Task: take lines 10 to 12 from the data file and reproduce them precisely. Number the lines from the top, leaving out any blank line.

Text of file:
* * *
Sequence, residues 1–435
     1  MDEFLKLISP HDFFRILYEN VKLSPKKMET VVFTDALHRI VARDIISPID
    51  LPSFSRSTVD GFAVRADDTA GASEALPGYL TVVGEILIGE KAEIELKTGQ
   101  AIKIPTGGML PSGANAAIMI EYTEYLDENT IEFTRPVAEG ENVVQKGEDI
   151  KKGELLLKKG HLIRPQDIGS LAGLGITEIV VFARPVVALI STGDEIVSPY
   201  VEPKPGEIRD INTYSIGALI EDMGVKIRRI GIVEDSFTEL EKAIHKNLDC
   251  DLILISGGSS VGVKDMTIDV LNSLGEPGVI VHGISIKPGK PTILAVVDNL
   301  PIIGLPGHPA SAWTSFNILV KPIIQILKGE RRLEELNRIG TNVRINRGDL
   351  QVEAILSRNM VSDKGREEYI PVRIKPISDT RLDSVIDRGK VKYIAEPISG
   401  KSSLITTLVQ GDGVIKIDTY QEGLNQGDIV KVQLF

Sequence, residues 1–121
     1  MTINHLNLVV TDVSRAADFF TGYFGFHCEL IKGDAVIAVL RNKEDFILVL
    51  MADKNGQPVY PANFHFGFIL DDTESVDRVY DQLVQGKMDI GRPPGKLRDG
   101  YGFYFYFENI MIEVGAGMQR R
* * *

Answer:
   401  KSSLITTLVQ GDGVIKIDTY QEGLNQGDIV KVQLF

Sequence, residues 1–121
     1  MTINHLNLVV TDVSRAADFF TGYFGFHCEL IKGDAVIAVL RNKEDFILVL